Most of us have encountered sacred cows. They are the things, programs, even deeply seated beliefs so enshrined in our minds they are blindly embraced as truth or essential to our faith. We may not realize it, until someone questions or tries to change them. Then our opposition can be stiff and vicious. They can drown out the simplicity of the Gospel and take away from follow Christ with all of our heart, soul and strength.
As I read 2 Kings 9 during devotions one morning, that was not on my mind. But I sensed the Lord saying, “learn from Jehu.”
I reviewed how Jehu was anointed king, seized the throne, and got rid of the wicked queen mother, Jezebel. I kept reading. Chapter 10 recounts Jehu’s zeal in decimating the house of Ahab to fulfill prophecy, and ridding Israel of Baal worship. It seemed like Jehu was on the right track! God even commends him.
But there is a “but”. Jehu “did not, however, destroy the gold calves at Bethel and Dan, with which Jeroboam .. caused Israel to sin… Jehu did not obey the Law of the Lord, … with all his heart” (2 Kings 10:28, 31, NLT).
Those sacred cows had been around 100 years. They were part of Israel’s history and culture at this point. But they kept Jehu from the full blessing of the Lord and prevented Israel from returning to Him whole-heartedly. Ridding Israel of Baal worship should have led to a nationwide revival. But those sacred cows remained. So instead, the nation went into decline.
Why Sacred Cows?
A century before God had anointed Jeroboam the first king of Israel’s divided kingdom. He successfully led a rebellion against Solomon’s son and had the allegiance of 10 tribes. But people still worshipped at the Temple in Jerusalem, which was in Judah. Many remembered it’s dedication and the glory of the Lord that fell. So, even though God made him king, Jeroboam felt insecure, and he devised a plan to keep his throne.
He made counterfeit gods, recreating the golden calf from Israel’s wilderness rebellion. Jeroboam made two golden calves, placing them in convenient locations for people to worship. Rewriting history, he declared that these idols brought Israel out of Egypt. He installed counterfeit priests, built altars, and created festivals to lure the Israelites away from worshipping at the temple, and ultimately away from the Lord.
His attempt to manipulate and control the people worked. Convenience, comfort and cultural acceptability won out. From then on, Israel was in a steady decline as people embraced idol worship and debauchery.
A hundred years after Jehu’s attempted return to the Lord, Israel was destroyed. But those sacred cows remained.
When Josiah became king of Judah years later, Judah was also entrenched in Idol worship. But Josiah “did was what right in the eyes of the Lord and followed completely the ways of his father David” (2 Kings 22:2, NIV).
He renewed Judah’s covenant with the Lord. Then he cleansed the Temple; did away with the idolatrous priests; and tore down Asherah poles, high places, and everything else used to worship counterfeit gods throughout the land. He even demolished the golden calf and altar in Bethel. Bethel was not even in Judah, but that golden calf was within reach, so he smashed it. “Neither before or after Josiah was there a king like him who turned to the Lord…with all his heart and with all his soul and with all his strength” (2 Kings 23:25).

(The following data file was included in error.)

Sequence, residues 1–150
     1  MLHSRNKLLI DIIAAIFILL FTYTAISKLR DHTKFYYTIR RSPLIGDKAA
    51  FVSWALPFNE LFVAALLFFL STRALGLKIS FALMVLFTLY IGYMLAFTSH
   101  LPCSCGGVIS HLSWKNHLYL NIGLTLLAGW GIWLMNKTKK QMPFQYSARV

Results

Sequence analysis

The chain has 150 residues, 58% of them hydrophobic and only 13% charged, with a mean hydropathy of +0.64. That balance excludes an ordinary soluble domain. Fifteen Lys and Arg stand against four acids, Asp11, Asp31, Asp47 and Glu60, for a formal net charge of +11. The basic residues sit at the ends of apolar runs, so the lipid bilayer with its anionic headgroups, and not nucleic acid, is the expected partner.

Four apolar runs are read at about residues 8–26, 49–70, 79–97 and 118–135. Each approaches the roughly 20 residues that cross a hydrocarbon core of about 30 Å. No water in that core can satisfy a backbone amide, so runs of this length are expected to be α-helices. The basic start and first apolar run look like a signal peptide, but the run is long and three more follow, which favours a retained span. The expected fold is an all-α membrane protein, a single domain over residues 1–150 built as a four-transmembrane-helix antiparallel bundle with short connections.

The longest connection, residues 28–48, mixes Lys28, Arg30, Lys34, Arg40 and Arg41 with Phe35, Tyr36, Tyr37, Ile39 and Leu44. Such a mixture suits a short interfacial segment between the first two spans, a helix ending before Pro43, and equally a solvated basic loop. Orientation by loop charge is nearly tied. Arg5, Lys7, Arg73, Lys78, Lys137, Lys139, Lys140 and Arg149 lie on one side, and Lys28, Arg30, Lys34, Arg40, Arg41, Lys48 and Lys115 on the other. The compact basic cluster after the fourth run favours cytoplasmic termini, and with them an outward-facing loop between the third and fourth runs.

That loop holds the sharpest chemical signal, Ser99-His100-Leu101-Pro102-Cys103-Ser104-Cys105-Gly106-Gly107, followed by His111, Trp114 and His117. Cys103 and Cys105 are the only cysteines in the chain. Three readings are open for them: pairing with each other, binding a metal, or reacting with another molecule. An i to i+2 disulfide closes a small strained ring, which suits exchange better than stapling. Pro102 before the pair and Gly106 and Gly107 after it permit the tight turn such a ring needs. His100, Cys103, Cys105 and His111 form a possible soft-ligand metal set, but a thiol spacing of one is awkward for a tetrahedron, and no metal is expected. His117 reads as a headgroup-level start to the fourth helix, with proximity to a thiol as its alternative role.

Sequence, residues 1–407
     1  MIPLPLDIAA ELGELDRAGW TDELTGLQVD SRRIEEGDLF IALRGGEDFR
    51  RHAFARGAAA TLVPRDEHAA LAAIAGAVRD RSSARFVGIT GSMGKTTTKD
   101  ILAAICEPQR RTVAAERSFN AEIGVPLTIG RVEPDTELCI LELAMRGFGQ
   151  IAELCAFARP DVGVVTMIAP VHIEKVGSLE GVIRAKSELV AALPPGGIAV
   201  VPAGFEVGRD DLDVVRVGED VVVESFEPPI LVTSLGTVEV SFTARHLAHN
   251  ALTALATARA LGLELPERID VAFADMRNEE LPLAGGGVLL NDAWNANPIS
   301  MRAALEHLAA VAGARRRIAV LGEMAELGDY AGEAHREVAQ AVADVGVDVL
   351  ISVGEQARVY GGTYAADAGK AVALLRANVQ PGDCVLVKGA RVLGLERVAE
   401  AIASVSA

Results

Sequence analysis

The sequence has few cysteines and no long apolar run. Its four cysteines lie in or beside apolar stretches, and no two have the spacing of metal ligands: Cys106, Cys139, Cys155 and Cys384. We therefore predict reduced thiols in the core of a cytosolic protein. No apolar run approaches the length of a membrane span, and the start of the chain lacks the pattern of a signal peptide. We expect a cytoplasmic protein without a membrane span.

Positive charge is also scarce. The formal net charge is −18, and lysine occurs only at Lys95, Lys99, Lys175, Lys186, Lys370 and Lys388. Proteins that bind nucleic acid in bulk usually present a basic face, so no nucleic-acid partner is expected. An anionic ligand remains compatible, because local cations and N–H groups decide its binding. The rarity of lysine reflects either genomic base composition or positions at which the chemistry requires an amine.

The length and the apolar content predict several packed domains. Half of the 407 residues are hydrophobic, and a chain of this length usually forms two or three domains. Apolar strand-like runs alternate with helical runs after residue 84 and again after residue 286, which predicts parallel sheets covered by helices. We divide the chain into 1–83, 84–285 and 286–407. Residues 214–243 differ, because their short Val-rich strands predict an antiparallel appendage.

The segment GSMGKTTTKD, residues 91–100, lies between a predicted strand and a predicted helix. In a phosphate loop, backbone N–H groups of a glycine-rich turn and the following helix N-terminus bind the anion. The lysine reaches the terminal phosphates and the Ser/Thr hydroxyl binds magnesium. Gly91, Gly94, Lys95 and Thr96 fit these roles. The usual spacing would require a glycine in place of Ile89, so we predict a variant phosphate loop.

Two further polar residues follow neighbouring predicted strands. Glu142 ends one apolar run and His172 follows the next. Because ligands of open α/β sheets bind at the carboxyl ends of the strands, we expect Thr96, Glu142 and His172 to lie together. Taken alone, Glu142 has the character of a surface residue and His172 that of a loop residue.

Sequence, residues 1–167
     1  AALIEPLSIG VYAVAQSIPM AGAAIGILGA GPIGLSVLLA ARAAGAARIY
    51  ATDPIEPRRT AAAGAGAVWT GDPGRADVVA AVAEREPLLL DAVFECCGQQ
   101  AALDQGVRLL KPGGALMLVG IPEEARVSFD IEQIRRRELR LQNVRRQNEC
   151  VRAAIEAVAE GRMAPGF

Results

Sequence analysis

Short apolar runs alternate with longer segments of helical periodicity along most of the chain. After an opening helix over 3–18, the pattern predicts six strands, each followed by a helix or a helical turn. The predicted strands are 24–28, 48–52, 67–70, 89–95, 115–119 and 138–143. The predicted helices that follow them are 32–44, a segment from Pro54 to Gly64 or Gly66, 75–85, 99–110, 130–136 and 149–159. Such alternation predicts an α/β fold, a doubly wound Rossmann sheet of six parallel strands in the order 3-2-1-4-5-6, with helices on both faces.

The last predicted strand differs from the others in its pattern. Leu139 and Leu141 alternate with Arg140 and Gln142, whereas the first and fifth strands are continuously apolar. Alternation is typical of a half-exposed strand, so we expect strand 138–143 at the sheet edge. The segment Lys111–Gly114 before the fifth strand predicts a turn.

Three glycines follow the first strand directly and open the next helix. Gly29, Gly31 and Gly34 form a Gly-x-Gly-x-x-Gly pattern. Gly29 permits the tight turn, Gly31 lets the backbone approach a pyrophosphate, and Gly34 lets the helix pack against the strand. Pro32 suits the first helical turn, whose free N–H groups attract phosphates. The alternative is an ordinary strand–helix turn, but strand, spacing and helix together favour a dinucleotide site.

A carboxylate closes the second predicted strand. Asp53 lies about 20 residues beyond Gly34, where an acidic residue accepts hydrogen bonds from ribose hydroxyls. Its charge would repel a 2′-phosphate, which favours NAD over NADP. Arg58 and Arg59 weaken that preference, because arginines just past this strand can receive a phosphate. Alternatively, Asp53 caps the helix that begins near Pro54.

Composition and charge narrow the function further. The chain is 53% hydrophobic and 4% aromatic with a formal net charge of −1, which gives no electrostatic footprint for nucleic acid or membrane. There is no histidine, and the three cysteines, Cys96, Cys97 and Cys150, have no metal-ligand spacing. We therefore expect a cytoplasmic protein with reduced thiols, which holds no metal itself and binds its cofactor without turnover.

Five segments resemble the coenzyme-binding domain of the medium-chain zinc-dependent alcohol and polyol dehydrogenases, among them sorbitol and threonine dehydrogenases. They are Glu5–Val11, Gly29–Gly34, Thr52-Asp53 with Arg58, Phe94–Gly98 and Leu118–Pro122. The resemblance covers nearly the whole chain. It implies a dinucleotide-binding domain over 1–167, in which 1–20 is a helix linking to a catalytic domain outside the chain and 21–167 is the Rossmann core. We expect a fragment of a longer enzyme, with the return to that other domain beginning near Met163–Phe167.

Josiah’s commitment to God forestalled Judah’s judgement. And there was a mini revival in the land for those who followed Josiah’s lead. But the hearts of many did not truly change. So, 30 years later the people of Judah were also sent into exile.
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Christian leaders must stand against all counterfeit gods. Anything that draws our hearts, souls or strength away from God must go. But responsibility to tear down idols and sacred cows also rests on every believer. Anything we cannot joyfully lay aside or change if the Lord asks us to, is an idol. The things we most vehemently defend just might be sacred cows.
Revival is coming. But any sacred cow we cling to can hinder the work God wants to do. For sweeping revival to come, we need to lay aside everything that binds us (Heb. 12:1) and tear down everything that sets itself up against the knowledge of God (2 Cor. 10:5).
Like David, ask God to search your heart and point out anything that offends Him (Ps. 139:23-24). Ask Holy Spirit to correct errors of belief and seek the whole counsel of God’s Word. Then deal with issues swiftly so revival can come swiftly too!
Dr. Jodie Chiricosta is vice president of Somebody Cares America/International. She teaches and consults on a variety of Christian living and leadership topics and is a host of the podcast on the Charisma Podcast Network.